Tests that detect Covid-19 antibodies are becoming available. This allows authorities to test whether people already contracted the virus, and therefore are now immune and no longer a carrier of the virus. Once tested, such people could be exempted from certain restrictions (like staying inside or working from home), or could volunteer to help vulnerable people that stay in quarantine. The question is: how do you reliably prove that you have tested positive for such an antibody test, while protecting the privacy of people being tested. After all, we do not know yet what the long term health effect is of having been infected by the virus. It may be a perk and a badge of honour now, but it may be a stain in your health dossier in the years to come.

For this reason people have been proposing digital credentials, and especially privacy friendly attribute based credentials, to solve this problem. Such a credential can be selectively disclosed (meaning that the bearer can reveal to be Covid-19 immune in cases where this matters, while hiding this fact in all other contexts). Moreover, such credentials are stored and managed by the user on his or own device (e.g. their smartphone), meaning that there is no need to maintain a central database registering all people tested Covid-19 immune (although it is certainly possible and even desirable to track anonymous statistics concerning Covid-19 immunity). It goes without saying that such a credential cannot be forged.

But there is a problem. A credential saying that the bearer is immune for Covid-19 is extremely valuable, given the freedoms and perks it offers. It should be very strongly tied to the actual person to whom it pertains, to prevent it from being forged or deliberately being shared with someone in need. And essentially all forms of digital identity management, including those implementing attribute based credentials, have a problem ensuring a strong binding between digital credentials and the person they belong to. Forging such credentials, or stealing them from someone can quite easily be prevented. But it is much harder to prevent a person from sharing his or her credential with someone else, especially in fully virtual, online, environments.

But context matters, and in this particular case we are not really considering virtual use cases, but rather real-life use cases where people can use such a credential to prove that they are free to leave home or enter a quarantined area, for example. In fact, in terms of functionality we would like to have a kind of ‘corona immunity stamp’ in our passports, that we can selectively disclose (or not), and that automatically vanishes after say six months (if that happens to be the period for which immunity can be guaranteed).

Can we design a ‘corona credential’ that functions like such a ‘corona immunity stamp’, given that they are only relevant in real-life use cases where we can rely on physical inspection to verify the binding between the person and the credential being presented?

Perhaps we can, if we rely on biometrics to strengthen the binding. It should be stressed that the use of biometrics comes with all kinds of caveats concerning false-reject and false-accept ratios, that depend for example on age and genetic dispositions. In other words: certain groups may be favoured over other groups when relying on this approach.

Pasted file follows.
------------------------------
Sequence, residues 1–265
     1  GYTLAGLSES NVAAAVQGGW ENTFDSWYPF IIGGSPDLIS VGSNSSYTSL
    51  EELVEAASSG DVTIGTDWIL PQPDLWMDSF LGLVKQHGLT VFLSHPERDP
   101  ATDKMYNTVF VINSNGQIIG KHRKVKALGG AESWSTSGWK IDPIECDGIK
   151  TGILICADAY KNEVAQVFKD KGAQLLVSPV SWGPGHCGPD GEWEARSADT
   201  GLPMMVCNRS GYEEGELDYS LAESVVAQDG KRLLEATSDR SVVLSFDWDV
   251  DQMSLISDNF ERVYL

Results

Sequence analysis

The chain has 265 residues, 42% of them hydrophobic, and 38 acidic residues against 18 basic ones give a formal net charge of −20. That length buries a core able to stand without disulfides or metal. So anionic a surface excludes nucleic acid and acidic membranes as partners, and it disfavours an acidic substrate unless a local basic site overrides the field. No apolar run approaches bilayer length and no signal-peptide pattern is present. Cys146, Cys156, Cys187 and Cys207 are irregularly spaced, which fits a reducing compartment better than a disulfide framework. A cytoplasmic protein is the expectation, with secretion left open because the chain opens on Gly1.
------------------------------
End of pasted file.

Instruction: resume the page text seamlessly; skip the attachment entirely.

Consider for example the following setup, using facial scans as the biometric.

People can install an app on their smartphone that allows them to manage all kinds of attribute based credentials. We in Nijmegen have for example been working on IRMA for quite some time now.

After being tested positive for Covid-19 antibodies, the accredited testing station can issue a credential stating this. To tie this credential to the person just tested, the testing station needs to take a picture of the person tested, derive a so-called biometric template from this picture, and store this template together with the (positive) test result in the credential. The credential is issued to the smartphone of the user, and only stored there. The testing station destroys any information about the person and the picture it took, and only records the test result (without any identifying information) for statistical purposes.

To prove immunity for Coivd-19, people can choose to reveal this credential. They can only do so when this credential was issued to their phone. To prevent someone from using someone else’s phone, people revealing the credential are asked to also reveal the facial template stored in there. So if someone wishes to enter a quarantined area using such a credential, someone present at the entrance should take a picture and match that with the biometric facial template contained in the credential. Again, the picture should be discarded immediately after the credential is verified.

There are issues with such an approach, for example the fact that it normalises camera surveillance. More fundamentally observe that for privacy it relies on destroying pictures both at the testing station and any check point. This reliance on operating procedures to protect privacy seems inherent to this particular case, given that we somehow need to physically verify the binding between a person and his or her credentials. The decision to use such an app should therefore not be taken lightly.

My main interest here was the more fundamental question whether a digital, privacy friendly, credential could be used to solve this problem given the fact that in general digital identities are only weakly bound to their bearers. My initial thought was that this was not possible. Interestingly enough, given the particular ‘physical’ aspects of this case, the answer turns out to be somewhat more nuanced, given the caveats mentioned above.